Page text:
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Leprosy Reactions In Childhood: A Prospective Cohort Study In The Brazilian Amazon

Authors Bandeira SS, Pires CA, Quaresma JAS

Received 26 May 2019

Accepted for publication 8 August 2019

Published 17 October 2019 Volume 2019:12 Pages 3249—3257


Checked for plagiarism Yes

Review by Single anonymous peer review

Peer reviewer comments 3

Editor who approved publication: Professor Suresh Antony

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Sabrina Sampaio Bandeira,1,2 Carla Avelar Pires,2,3 Juarez Antonio Simões Quaresma2,3

1Sanitary Dermatology Referral Unit “Dr. Marcello Cândia”, Secretary of State for Public Health, Marituba, PA, Brazil; 2Tropical Medicine Center, Federal University of Para, Belem, PA, Brazil; 3Center of Health and Biological Sciences, State University of Para, Belem, PA, Brazil

Correspondence: Juarez Antonio Simões Quaresma
Tropical Medicine Center, Federal University of Para, Av. Generalissimo Deodoro 92, Umarizal, Belem, PA 66055-240, Brazil
Email [email protected]

Background and objective: In highly endemic areas, severe multibacillary forms of leprosy and reactional episodes are not rare in children. The objective of the present study was to describe the clinical and epidemiological aspects of leprosy reactions in children from the Brazilian Amazon.
Methods: This was a prospective cohort study of 34 leprosy patients aged under 15 years diagnosed at a health referral unit in northern Brazil between April 2014 and June 2015. Follow-up medical consultations were performed during multidrug therapy (MDT) and one year after the end of treatment. Participants underwent a simple neurologic examination and answered a structured questionnaire.
Results: Of the 34 recruited patients, 18 (52.9%) had leprosy reactions and/or neuritis. Among these, 10 (55.6%) had reactions at diagnosis, 13 (72.2%) had reactions after MDT, and 14 (77.8%) had two or more reactional episodes. Type I reactions occurred in 14 (77.8%) cases. Complications, such as disabilities, necrotizing erythema nodosum, or Cushing’s syndrome, occurred in six (33.3%) patients. The following variables showed significant associations (p ≤ 0.05) with leprosy reactions: age 8–14 years, number of doctors seen (≥3), multibacillary classification, number of skin lesions (≥10), or borderline and lepromatous clinical forms. The high frequency of type I reactions resulted in prolonged corticosteroid therapy, which may cause deficient bone maturation in childhood.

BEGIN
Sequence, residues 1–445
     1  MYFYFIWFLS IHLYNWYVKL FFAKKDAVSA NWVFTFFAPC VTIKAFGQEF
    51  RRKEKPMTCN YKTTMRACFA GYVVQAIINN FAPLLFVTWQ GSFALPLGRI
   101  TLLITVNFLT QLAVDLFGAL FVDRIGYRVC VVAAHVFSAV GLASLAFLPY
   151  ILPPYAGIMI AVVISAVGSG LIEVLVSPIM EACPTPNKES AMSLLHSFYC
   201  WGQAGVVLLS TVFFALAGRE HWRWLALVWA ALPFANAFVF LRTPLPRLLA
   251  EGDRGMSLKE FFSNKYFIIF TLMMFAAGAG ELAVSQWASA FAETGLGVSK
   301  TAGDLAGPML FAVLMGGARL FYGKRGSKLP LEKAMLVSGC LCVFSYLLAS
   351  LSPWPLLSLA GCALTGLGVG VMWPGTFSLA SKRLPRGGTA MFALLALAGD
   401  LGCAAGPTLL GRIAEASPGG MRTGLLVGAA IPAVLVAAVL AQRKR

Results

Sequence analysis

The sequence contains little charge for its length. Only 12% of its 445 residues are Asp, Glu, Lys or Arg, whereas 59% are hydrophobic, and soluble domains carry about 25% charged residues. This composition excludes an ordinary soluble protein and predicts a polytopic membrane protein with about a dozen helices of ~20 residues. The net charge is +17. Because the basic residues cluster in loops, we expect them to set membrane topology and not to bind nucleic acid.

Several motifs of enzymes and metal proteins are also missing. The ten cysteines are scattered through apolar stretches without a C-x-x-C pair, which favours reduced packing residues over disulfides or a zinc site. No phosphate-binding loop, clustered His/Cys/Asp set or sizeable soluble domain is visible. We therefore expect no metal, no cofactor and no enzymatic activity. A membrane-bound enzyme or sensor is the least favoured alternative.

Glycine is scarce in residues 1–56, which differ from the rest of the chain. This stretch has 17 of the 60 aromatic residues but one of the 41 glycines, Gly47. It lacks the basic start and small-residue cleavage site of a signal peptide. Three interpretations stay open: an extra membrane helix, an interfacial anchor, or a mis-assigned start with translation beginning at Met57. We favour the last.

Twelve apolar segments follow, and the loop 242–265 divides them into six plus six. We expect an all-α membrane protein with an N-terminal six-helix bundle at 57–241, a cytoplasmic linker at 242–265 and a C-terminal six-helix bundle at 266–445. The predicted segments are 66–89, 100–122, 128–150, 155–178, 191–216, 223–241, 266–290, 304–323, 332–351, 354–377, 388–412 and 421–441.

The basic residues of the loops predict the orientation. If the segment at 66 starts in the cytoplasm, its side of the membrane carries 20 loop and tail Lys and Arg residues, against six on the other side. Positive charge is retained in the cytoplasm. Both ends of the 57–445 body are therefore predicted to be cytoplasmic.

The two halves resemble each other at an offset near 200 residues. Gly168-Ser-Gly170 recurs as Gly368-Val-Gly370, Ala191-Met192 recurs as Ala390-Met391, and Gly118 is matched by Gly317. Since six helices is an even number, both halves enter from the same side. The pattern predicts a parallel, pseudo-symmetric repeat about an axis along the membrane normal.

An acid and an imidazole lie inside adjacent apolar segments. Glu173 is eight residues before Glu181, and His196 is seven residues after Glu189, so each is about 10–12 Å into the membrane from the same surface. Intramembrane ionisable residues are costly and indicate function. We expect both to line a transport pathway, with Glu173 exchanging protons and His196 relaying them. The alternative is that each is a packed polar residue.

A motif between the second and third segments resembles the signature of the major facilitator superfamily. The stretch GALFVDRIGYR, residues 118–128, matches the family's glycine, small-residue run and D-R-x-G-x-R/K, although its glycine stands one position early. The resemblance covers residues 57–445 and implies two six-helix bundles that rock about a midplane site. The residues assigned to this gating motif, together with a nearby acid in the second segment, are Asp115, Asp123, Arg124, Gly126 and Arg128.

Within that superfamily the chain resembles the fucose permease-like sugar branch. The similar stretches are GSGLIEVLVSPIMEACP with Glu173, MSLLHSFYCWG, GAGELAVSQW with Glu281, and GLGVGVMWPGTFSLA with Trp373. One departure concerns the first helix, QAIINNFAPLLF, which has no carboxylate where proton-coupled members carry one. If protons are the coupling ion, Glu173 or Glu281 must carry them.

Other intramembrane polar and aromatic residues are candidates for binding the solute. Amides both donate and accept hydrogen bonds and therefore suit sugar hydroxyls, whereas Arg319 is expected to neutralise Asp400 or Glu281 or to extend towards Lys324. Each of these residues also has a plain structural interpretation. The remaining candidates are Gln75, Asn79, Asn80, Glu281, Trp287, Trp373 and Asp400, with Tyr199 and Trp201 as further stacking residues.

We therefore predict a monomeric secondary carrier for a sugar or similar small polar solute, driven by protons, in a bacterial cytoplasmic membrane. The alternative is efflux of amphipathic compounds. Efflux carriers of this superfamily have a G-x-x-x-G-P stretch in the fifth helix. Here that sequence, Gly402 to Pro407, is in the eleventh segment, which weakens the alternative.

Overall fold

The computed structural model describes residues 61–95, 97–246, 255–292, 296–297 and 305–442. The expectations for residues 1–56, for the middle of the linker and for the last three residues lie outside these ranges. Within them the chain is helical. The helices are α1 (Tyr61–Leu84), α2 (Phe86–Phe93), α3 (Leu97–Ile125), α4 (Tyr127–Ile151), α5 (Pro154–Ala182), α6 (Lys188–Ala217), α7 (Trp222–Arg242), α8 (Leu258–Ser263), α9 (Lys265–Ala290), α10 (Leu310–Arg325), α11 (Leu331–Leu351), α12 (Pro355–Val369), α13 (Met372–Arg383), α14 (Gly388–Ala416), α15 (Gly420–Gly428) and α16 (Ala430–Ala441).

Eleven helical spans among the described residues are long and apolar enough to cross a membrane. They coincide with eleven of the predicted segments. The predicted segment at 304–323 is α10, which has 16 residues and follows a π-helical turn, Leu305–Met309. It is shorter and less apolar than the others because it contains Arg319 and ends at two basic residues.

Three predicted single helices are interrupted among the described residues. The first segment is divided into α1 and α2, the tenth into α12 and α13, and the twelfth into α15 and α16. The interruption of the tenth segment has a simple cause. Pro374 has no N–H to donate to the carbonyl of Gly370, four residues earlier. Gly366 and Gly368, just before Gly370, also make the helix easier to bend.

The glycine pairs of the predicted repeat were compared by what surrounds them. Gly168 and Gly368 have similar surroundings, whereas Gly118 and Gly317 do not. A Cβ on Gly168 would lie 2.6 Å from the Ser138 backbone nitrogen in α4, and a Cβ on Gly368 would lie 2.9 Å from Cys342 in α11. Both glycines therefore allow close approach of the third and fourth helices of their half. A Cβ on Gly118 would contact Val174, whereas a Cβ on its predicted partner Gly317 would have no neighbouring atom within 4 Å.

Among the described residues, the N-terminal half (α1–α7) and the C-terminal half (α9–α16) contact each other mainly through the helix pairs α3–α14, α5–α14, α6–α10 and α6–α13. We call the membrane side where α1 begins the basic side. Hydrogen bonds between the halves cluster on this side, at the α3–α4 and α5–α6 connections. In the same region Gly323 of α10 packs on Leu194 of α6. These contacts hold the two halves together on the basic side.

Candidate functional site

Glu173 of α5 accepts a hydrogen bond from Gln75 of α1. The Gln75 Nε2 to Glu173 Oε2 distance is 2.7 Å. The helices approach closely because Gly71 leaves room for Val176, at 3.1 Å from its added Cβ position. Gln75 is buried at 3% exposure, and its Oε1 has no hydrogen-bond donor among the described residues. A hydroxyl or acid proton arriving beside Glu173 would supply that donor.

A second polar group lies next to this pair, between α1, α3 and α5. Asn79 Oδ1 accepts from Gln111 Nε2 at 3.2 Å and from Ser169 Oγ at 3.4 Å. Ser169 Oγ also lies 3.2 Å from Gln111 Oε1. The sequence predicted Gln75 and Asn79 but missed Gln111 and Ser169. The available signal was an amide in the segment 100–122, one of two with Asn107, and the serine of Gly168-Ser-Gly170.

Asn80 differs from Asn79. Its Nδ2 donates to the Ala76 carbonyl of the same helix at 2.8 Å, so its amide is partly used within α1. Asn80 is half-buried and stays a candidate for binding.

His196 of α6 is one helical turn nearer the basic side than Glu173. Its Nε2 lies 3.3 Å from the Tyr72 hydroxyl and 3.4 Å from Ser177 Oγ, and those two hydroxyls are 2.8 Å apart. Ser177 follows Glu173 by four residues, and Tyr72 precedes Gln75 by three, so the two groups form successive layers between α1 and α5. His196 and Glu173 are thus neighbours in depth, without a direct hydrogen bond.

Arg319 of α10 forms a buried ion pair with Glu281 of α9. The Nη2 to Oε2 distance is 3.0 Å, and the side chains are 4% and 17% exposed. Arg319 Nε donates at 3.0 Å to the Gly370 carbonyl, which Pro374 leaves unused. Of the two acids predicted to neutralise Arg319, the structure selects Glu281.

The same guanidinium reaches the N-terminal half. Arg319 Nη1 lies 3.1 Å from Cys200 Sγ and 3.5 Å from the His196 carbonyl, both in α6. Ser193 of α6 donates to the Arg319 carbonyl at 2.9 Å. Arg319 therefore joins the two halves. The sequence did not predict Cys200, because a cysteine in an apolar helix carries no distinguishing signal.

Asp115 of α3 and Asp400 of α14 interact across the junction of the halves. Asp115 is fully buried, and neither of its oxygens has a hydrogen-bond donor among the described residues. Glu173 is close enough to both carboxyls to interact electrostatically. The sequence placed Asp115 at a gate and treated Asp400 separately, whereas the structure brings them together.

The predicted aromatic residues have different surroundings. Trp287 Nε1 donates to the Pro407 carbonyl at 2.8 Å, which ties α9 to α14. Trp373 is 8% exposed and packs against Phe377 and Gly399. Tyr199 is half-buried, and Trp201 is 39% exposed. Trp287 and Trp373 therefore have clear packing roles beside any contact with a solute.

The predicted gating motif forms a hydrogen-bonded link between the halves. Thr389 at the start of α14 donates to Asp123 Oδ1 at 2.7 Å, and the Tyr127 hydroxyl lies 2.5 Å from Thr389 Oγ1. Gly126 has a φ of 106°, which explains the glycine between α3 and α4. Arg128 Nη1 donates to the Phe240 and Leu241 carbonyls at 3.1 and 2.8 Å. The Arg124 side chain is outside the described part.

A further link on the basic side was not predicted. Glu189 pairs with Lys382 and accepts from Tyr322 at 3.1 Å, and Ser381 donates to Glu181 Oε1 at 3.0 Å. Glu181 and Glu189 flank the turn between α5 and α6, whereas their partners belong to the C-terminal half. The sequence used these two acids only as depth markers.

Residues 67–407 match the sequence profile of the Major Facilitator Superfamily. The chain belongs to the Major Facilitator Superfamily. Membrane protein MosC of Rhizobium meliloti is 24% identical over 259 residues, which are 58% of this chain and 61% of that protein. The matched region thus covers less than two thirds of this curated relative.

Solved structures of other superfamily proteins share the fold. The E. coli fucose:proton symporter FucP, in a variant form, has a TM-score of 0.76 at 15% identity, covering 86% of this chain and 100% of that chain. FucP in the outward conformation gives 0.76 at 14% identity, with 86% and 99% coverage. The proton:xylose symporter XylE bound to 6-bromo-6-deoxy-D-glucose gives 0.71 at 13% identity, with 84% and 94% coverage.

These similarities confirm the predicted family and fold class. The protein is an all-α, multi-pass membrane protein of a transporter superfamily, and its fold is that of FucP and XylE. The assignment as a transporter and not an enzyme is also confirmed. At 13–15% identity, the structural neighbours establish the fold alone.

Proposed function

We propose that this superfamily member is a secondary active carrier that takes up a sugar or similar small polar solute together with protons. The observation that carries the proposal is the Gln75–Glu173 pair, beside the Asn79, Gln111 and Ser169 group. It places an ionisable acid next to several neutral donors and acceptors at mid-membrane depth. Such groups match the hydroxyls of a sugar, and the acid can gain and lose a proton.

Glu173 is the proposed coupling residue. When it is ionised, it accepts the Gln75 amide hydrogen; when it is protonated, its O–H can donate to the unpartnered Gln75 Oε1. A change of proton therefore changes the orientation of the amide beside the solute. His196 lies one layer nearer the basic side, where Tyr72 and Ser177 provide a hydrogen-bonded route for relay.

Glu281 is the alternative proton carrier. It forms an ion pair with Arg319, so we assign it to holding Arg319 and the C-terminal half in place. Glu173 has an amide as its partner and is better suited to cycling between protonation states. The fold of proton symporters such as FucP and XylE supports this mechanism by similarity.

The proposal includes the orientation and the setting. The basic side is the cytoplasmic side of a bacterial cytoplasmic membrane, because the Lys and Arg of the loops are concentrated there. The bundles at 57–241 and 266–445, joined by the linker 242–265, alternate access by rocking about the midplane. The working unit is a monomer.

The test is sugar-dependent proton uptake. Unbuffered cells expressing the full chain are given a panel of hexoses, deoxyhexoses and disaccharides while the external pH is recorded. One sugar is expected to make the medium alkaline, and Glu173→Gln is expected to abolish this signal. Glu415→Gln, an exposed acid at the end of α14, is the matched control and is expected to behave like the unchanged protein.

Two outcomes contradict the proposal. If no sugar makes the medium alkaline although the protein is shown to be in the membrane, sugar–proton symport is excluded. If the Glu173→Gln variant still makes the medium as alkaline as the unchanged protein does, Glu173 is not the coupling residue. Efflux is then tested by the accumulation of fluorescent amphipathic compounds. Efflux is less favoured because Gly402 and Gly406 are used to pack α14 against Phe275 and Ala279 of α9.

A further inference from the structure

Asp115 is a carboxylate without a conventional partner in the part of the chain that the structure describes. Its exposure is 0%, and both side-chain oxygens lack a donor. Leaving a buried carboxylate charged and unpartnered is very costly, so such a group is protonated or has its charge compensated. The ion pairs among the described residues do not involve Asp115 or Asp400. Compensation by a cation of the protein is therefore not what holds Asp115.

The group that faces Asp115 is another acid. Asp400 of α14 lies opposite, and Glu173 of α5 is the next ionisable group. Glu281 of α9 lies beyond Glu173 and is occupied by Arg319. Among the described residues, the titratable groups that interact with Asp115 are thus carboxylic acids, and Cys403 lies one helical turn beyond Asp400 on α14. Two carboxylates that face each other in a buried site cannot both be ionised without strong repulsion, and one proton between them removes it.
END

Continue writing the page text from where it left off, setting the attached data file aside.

Conclusion: Older age in children, consulting many physicians for diagnosis, severe clinical forms, and numerous skin lesions were positively associated with reaction development. Reactions after MDT highlight the need for continuity in healthcare of children with leprosy.

Keywords: Mycobacterium leprae, leprosy, children, clinical aspects, Brazil, Amazon


Leprosy is a chronic infectious disease that affects the skin and peripheral nerve trunks.1 It was a long held belief that Mycobacterium leprae (M. leprae) was the sole microorganism that caused this disease; however, in 2008, a new species, Mycobacterium lepromatosis (M. lepromatosis), causing a unique form of diffuse lepromatous leprosy, was discovered.24 Owing to its long incubation period, leprosy has been considered a disease of adults; nevertheless, in highly endemic regions, many children are exposed at early ages to high bacillary loads in untreated patients, causing a large number of cases in childhood.5 In 2017 alone, 210,671 patients were diagnosed with leprosy worldwide. Brazil had the second largest number of new cases (26,875).6 The state of Pará, which is part of the Amazon region in northern Brazil, is highly endemic for leprosy. In 2017, Pará had 2562 newly diagnosed cases, of which 8.7% involved children.7

About 5–20% of children with leprosy will present with reaction episodes (exacerbation of inflammatory processes, either localized or systemic) at some point before, during, and/or after the end of MDT.810 Leprosy reactions can lead to permanent nerve damage, potentially resulting in disabilities and deformities.11,12 Severe nerve damage with musculoskeletal disorders and deformities can result in discrimination at school and difficulties in the social life of children with leprosy.13 Although physical and emotional impairments resulting from reactional episodes in childhood are evident, studies on this topic are scarce, especially among pediatric groups, both during MDT and after the end of treatment.10,14 This survey describes leprosy reactions and their associations with clinical and epidemiologic aspects of leprosy cases in children under 15 years old diagnosed at the Health Referral Unit “Marcello Candia” (HRUMC) in a highly endemic area of the Brazilian Amazon.